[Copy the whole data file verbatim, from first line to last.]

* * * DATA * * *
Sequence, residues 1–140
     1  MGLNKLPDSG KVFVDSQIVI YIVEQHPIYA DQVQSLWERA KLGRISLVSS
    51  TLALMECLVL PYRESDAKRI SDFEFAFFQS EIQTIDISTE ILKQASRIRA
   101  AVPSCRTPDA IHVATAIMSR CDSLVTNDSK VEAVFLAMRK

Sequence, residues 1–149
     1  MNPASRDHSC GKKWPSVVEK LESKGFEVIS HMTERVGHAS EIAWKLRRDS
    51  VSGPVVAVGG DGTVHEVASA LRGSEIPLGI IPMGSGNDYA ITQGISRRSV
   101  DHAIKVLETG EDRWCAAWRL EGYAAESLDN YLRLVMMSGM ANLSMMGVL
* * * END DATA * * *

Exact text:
Sequence, residues 1–140
     1  MGLNKLPDSG KVFVDSQIVI YIVEQHPIYA DQVQSLWERA KLGRISLVSS
    51  TLALMECLVL PYRESDAKRI SDFEFAFFQS EIQTIDISTE ILKQASRIRA
   101  AVPSCRTPDA IHVATAIMSR CDSLVTNDSK VEAVFLAMRK

Sequence, residues 1–149
     1  MNPASRDHSC GKKWPSVVEK LESKGFEVIS HMTERVGHAS EIAWKLRRDS
    51  VSGPVVAVGG DGTVHEVASA LRGSEIPLGI IPMGSGNDYA ITQGISRRSV
   101  DHAIKVLETG EDRWCAAWRL EGYAAESLDN YLRLVMMSGM ANLSMMGVL